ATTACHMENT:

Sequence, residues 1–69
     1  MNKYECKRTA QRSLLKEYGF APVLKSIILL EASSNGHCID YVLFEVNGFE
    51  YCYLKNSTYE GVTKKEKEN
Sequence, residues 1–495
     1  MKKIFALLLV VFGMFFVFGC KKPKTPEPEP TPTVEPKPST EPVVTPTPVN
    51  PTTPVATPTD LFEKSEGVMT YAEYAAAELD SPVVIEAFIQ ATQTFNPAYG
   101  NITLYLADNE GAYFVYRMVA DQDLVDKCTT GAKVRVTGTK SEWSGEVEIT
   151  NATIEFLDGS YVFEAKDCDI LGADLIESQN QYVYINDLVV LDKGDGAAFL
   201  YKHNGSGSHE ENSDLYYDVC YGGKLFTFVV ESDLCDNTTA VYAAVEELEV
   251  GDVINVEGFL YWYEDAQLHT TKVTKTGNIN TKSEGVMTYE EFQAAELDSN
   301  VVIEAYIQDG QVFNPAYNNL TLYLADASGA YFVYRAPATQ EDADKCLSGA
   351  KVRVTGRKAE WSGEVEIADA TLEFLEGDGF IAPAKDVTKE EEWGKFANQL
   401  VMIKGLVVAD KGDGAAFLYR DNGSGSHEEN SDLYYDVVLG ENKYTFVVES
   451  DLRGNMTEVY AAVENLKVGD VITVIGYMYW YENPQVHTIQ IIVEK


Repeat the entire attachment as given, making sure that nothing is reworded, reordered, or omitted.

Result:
Sequence, residues 1–69
     1  MNKYECKRTA QRSLLKEYGF APVLKSIILL EASSNGHCID YVLFEVNGFE
    51  YCYLKNSTYE GVTKKEKEN
Sequence, residues 1–495
     1  MKKIFALLLV VFGMFFVFGC KKPKTPEPEP TPTVEPKPST EPVVTPTPVN
    51  PTTPVATPTD LFEKSEGVMT YAEYAAAELD SPVVIEAFIQ ATQTFNPAYG
   101  NITLYLADNE GAYFVYRMVA DQDLVDKCTT GAKVRVTGTK SEWSGEVEIT
   151  NATIEFLDGS YVFEAKDCDI LGADLIESQN QYVYINDLVV LDKGDGAAFL
   201  YKHNGSGSHE ENSDLYYDVC YGGKLFTFVV ESDLCDNTTA VYAAVEELEV
   251  GDVINVEGFL YWYEDAQLHT TKVTKTGNIN TKSEGVMTYE EFQAAELDSN
   301  VVIEAYIQDG QVFNPAYNNL TLYLADASGA YFVYRAPATQ EDADKCLSGA
   351  KVRVTGRKAE WSGEVEIADA TLEFLEGDGF IAPAKDVTKE EEWGKFANQL
   401  VMIKGLVVAD KGDGAAFLYR DNGSGSHEEN SDLYYDVVLG ENKYTFVVES
   451  DLRGNMTEVY AAVENLKVGD VITVIGYMYW YENPQVHTIQ IIVEK